If you pay a virtual visit to the Miami Art Museum (MAM) before October of this year, you can join in on "I Wish Your Wish" online. Submit a wish, and you'll receive someone else's. Share their wish on Facebook, by email, Twitter, or dozens of other modes and you'll be emailed a free pass to visit the Museum. The on-site installation of Eu desejo o seu desejo / I Wish Your Wish, by Brazilian artist Rivane Neuenschwander, consists of thousands of multicolored ribbons printed with wishes. Visitors are invited to choose wishes from past visitors and replace them with their own, based on a similar practice at the church of Nosso Senhor do Bonfim in Salvador, Bahia, Brazil. Other current exhibitions include BETWEEN HERE AND THERE, Modern and Contemporary Art from the Permanent Collection and Mark Dion's South Florida Wildlife Rescue Unit, an installation that examines humans' interactions with the Florida Everglades since the 1700s. There's also an entire section of the website devoted to the new MAM, currently under construction, sited in Museum Park on Biscayne Bay. [DS]

National Association for the Education of Homeless Children and Youth

Homeless children and youth are arguably the most forgotten population when it comes to education. Since 1989, the National Association for the Education of Homeless Children and Youth (NAEHCY) has been an advocate for equitable services from public schools for homeless youth. Additionally, their website states that it has encouraged "strategies for effective instruction, pupil services, and research." Visitors unfamiliar with the main piece of legislation in place for educating homeless children and youth can read the full-text of the McKinney-Vento Homeless Assistance Act under the "Legislation and Policy" tab. Users may also find the "Higher Education" link, also under the Legislation and Policy tab, to be informative about how the Higher Education Act has "the potential to assist these youth to graduate from high school, apply for and access postsecondary education, and complete their degrees." A link to the related resource "NAEHCY PowerPoint Library - Unaccompanied Youth" can be found in the right corner of the page. Valuable information about how unaccompanied homeless youth can successfully fill out the Free Student Application for Financial Aid (FAFSA) is also available in the "Higher Education" area. [KMG]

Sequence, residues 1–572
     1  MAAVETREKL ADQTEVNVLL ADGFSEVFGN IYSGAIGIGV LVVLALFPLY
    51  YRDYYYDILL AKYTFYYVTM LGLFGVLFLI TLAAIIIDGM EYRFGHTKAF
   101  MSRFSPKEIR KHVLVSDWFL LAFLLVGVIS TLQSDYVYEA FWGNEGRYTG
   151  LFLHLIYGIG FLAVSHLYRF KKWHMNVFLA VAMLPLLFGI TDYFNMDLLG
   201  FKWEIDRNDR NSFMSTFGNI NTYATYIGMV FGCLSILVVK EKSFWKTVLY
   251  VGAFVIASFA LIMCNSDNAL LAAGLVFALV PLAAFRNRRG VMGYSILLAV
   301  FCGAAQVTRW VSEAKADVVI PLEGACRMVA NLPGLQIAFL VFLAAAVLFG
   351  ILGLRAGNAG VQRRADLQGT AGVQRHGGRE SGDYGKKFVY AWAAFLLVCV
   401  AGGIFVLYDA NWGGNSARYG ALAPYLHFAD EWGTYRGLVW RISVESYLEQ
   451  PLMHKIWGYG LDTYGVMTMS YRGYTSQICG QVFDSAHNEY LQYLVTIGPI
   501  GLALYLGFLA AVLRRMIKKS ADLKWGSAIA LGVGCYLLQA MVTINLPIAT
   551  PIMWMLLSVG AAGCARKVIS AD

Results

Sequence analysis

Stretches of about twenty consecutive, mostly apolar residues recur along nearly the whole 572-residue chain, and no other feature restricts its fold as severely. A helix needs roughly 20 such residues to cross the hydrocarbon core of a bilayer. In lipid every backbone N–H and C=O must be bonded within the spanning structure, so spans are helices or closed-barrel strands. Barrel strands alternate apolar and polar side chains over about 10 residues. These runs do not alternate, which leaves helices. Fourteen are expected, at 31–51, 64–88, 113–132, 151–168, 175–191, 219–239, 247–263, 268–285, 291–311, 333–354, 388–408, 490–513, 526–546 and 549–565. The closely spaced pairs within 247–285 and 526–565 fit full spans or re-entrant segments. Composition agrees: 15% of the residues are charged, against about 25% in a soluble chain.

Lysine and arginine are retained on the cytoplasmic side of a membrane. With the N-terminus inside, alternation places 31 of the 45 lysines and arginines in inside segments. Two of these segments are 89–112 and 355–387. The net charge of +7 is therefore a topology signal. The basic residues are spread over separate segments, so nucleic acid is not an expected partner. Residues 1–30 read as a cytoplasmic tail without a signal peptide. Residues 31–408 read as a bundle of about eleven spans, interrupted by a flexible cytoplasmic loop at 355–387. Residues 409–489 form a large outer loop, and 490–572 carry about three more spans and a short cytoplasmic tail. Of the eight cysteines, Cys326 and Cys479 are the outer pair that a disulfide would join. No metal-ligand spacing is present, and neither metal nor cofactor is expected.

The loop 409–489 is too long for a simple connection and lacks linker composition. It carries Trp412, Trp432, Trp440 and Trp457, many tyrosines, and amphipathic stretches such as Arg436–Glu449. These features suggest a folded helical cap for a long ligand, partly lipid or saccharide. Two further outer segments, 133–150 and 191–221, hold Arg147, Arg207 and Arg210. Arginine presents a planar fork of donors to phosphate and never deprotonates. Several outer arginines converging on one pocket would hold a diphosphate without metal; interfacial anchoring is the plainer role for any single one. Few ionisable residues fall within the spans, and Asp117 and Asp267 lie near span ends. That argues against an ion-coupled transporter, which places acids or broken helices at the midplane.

Spode Exhibition Online

Winterthur is the former home of Henry Francis du Pont in Delaware, which houses many fine examples of decorative arts, including a fine collection of Spode pottery, focusing on the blue printed patterns of 1784-1833. The website's interactive, online exhibition is impressive, and a real treat for those who want to virtually page through the Spode 1820 Shape Book of which there are only two copies in existence. Visitors will find the exhibition divided up into the sections "History", "Pottery" and "Industry". Users should definitely check out the "Historical Timeline" to become familiar not only with the Spode family and the business, but also the evolution of Spode ceramics. The Industry section of the website explains what working in the potteries in Staffordshire was like, and visitors can click on links to learn more about "Working Conditions", "Housing" and "Wages". The text and drawings of an 1841 report for the British government on the employment of children and youth at the potteries are also included in the Industry link. [KMG]